At 1:30 p.m., the Public Protection/Criminal Justice/Judiciary, Mental Hygiene, Higher Ed budget committees meet in Hearing Rooms A, B and C, respectively, LOB, Albany.

At 2 p.m., the Environment/Agriculture/Housing, Transportation and Human Services/Labor budget committees meet in Hearing Rooms A, B and C, respectively, LOB, Albany.

At 2:30 p.m., the Economic Development, Health, Education and General Government/Local Assistance budget committees meet in Hearings Rooms A, B and C, and the Assembly Parlor, LOB/state Capitol, Albany.

At 4 p.m., de Blasio holds a photo-op with Taoiseach Enda Kenny, Governor’s Room, City Hall, Manhattan.

At 4:30 p.m., LG Bob Duffy will speak at Manufacturing Alliance Day, The Hilton Hotel, 40 Lodge St., Albany.

At 5:30 p.m., members of the city Panel for Educational Policy’s Contracts Committee meet; conference room, second floor, 52 Chambers St., Manhattan.

Also at 5:30 p.m., Sen. Patty Ritchie holds a fundraiser at The University Club, 141 Washington Ave., Albany.

From 5 p.m. to 8 p.m., IDC Leader Jeff Klein, Senate Finance Committee Chairman John DeFrancisco and Assemblyman Will Barclay all have fundraisers at the Fort Orange Club, 110 Washington Ave., Albany.

At 6:15 p.m., Astorino will attend the Friendly Sons of Saint Patrick dinner, Sheraton New York Times Square Hotel, 52nd Street at Seventh Avenue, Manhattan.


NYC Mayor Bill de Blasio sharpened his criticism of his predecessor Michael Bloomberg’s superstorm Sandy recovery efforts, saying the city “needs to do better.” The mayor said he plans to announce changes to relief programs within days.

Gov. Andrew Cuomo is reportedly stunned and “furious” with former state Democratic Party Chairman Jay Jacobs call for gubernatorial candidates to reject the state Independence Party line. Astorino has pledged to do so, Cuomo hasn’t yet responded.

Hundreds of gun rights activists showed up for an anti-SAFE Act rally in Wilton yesterday, and dozens burned NYS Police Assault Weapons Registration forms in a barbeque grill set up for the purpose.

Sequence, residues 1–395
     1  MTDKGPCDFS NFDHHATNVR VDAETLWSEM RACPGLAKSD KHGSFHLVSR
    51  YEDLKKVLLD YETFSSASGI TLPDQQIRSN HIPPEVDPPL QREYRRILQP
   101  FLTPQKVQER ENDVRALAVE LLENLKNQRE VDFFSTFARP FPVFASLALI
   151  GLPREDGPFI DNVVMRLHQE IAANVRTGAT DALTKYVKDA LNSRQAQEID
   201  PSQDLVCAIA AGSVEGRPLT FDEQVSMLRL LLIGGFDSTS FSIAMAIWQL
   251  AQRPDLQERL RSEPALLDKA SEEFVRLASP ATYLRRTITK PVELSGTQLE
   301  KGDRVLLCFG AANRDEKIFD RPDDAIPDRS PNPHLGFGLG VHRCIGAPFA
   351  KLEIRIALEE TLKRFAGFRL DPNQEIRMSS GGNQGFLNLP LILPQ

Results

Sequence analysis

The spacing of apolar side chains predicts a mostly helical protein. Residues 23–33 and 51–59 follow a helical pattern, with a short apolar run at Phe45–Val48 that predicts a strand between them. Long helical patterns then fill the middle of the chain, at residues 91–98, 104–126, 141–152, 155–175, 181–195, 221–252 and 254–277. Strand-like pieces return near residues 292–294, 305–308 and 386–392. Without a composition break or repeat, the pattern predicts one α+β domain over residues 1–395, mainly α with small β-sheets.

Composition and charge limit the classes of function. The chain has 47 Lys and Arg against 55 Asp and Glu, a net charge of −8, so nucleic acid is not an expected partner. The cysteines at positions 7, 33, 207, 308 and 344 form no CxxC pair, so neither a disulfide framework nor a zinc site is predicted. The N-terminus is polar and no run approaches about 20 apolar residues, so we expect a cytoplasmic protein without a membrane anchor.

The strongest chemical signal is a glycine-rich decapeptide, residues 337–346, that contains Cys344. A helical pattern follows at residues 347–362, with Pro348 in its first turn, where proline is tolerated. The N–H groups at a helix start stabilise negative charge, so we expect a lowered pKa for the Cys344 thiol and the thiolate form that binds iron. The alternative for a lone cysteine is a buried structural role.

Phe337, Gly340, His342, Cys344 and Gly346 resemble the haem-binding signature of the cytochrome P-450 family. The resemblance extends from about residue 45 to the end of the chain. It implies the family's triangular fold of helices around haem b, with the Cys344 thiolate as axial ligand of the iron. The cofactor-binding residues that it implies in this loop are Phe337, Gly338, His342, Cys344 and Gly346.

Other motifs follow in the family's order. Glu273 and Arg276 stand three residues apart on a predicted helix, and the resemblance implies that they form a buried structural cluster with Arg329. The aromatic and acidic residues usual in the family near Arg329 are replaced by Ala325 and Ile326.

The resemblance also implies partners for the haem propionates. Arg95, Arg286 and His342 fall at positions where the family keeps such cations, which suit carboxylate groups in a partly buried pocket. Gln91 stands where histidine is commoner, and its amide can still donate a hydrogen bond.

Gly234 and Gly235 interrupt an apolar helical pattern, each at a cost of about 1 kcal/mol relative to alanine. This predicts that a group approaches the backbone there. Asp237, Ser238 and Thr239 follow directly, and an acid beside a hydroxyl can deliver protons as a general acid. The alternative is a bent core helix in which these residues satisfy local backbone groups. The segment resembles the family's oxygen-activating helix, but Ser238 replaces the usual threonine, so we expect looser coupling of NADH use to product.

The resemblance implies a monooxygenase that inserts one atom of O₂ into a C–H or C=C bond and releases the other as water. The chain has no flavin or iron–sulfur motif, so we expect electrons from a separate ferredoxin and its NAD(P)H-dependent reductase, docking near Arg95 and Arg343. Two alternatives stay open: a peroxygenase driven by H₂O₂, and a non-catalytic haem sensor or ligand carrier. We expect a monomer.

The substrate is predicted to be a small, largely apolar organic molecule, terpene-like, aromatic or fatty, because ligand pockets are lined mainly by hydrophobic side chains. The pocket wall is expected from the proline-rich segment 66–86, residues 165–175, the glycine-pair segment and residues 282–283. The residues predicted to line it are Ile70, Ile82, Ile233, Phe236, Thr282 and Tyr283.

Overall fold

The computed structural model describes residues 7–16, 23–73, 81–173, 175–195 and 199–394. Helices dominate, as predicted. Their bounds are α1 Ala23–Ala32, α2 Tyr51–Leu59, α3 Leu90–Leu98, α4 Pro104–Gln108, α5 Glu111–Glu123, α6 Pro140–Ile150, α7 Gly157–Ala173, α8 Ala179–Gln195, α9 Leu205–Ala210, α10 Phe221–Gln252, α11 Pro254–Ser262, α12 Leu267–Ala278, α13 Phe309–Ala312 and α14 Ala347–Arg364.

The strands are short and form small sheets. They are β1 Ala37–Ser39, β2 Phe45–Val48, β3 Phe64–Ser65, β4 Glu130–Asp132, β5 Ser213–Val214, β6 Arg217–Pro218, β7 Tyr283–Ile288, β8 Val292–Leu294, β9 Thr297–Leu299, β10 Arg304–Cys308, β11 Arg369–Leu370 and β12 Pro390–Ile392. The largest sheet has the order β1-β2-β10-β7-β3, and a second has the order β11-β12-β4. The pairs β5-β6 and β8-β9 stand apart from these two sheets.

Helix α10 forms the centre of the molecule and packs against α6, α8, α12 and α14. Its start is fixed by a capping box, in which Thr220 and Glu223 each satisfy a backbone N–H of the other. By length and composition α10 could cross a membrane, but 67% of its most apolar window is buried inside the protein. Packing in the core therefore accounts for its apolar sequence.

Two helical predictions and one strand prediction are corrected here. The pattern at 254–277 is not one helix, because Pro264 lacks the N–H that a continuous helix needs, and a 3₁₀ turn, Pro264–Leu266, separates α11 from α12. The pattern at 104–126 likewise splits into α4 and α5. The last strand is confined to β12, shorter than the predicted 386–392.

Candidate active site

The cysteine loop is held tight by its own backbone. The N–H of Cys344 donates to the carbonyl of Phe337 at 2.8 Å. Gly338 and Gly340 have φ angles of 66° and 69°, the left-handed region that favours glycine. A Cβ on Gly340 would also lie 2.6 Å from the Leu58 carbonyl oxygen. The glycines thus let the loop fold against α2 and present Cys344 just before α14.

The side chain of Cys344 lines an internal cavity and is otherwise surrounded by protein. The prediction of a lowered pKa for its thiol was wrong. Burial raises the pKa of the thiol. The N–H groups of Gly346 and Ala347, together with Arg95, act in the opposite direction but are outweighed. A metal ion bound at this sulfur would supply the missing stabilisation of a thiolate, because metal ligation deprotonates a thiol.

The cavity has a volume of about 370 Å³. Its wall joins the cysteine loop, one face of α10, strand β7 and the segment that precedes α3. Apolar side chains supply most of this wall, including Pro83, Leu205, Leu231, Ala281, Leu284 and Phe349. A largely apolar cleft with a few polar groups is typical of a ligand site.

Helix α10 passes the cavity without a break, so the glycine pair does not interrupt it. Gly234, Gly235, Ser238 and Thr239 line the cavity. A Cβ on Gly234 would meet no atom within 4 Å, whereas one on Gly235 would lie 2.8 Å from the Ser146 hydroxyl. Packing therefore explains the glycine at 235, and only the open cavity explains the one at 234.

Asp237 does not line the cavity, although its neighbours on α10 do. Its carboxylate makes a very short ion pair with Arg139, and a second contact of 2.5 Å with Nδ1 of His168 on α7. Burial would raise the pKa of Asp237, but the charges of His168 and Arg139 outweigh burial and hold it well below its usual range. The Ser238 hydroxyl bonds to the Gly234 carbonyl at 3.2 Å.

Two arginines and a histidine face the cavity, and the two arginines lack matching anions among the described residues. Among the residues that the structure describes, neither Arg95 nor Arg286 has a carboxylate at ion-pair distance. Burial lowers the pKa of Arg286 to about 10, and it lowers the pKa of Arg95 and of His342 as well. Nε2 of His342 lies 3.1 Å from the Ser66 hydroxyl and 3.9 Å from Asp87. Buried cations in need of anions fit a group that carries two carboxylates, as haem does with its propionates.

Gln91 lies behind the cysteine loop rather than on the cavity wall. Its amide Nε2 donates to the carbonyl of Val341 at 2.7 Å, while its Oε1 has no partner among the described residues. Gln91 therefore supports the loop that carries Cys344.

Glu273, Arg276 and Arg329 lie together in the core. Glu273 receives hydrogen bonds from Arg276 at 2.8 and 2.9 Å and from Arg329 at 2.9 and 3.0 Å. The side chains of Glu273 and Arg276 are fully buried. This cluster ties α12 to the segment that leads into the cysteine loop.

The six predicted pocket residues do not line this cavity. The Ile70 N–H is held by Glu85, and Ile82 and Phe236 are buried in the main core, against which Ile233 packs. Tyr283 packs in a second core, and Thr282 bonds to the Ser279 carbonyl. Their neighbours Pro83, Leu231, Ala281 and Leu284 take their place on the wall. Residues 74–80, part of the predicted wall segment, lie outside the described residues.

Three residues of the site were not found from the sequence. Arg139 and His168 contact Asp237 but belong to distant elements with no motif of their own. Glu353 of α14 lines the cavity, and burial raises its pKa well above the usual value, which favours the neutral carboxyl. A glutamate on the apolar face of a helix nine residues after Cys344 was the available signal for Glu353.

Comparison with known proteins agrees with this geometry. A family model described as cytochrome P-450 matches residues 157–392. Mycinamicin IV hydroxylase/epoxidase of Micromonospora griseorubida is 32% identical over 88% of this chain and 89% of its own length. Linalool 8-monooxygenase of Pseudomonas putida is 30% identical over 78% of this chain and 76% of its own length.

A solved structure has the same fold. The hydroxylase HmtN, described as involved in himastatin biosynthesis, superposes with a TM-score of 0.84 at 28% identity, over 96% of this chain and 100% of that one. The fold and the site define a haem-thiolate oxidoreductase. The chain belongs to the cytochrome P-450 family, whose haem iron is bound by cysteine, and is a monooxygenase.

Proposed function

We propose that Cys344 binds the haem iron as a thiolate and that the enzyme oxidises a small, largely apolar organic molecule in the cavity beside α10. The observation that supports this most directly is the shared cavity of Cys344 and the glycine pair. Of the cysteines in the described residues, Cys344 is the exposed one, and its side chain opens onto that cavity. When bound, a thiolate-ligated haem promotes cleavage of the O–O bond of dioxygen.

The New York Times says the next two weeks are where de Blasio “can make the hard turn from campaigning to leadership” in Albany, and still has a lot going for him, despite getting repeatedly outmaneuvered by Cuomo.

Republican governor candidate Rob Astorino received a warm welcome at a gun show in Saratoga Springs yesterday, accusing Cuomo of attacking constitutional rights and vowing to repeal the SAFE Act if elected.

De Blasio’s relationship with New York City’s dwindling, yet still significant Irish community is not good, thanks to several early missteps. His aides are scrambling to make amends.

Labor activists and their allies are questioning the leadership of the CFB, which they believe might harbor an anti-union agenda.

Michael Kink, executive director of the union-backed Strong Economy for All Coalition, pulls in at least $183,000 a year, which is more than the $179,000 Cuomo makes, sources close to him say.

An aide to Brooklyn Borough President Eric Adams is raking in $82,992 a year for working only 21 hours a week — and spends the rest of her time heading a taxpayer-fueled nonprofit that pays for her frequent jaunts to the Caribbean.

More >

The Weekend That Was

Gov. Andrew Cuomo griped that the 24-hour news cycle has made governing more difficult than it was in his father’s day.

Westchester County Executive/GOP gubernatorial candidate Rob Astorino panned the SAFE Act during a visit to the Saratoga Arms Fair, saying it has not made New Yorkers safer.

Chris Cillizza says there will be “chaos” in the Democratic Party if Hillary Clinton doesn’t run in 2016.

Cuomo tried to get IDC Leader Jeff Klein to reduce the amount of pre-K funding in the Senate one-house budget resolution, and later blamed the inclusion of all the money de Blasio sought on politics and the possibility Klein will face a primary from Oliver Koppell.

NYC Council Speaker Melissa Mark-Viverito took a swipe at Cuomo on Twitter for his “silence” on the East Harlem explosion.

Mark-Viverito asked the media to give the community some “space,” because people are finding coverage of the explosion and its aftermath “overwhelming.”

NYC Mayor Bill de Blasio and his wife, Chirlane McCray, were among the mourners at two different church services held in memory of the explosion victims.

Rep. Peter King, chairman of the House Homeland Security subcommittee on counterterrorism and intelligence, said on ABC’s “This Week” that so far “there’s nothing out there indicating it’s terrorists” responsible for the disappearance of the Malaysia Airlines flight.

Both the Senate and the Assembly have rejected the $40 million “transit raid” in Cuomo’s budget.

Sen. Mark Grisanti lashed out against a group that’s putting pressure on him to change his mind about public financing for elections, saying the effort won’t alter his position opposing the use of taxpayer dollars to fund political campaigns.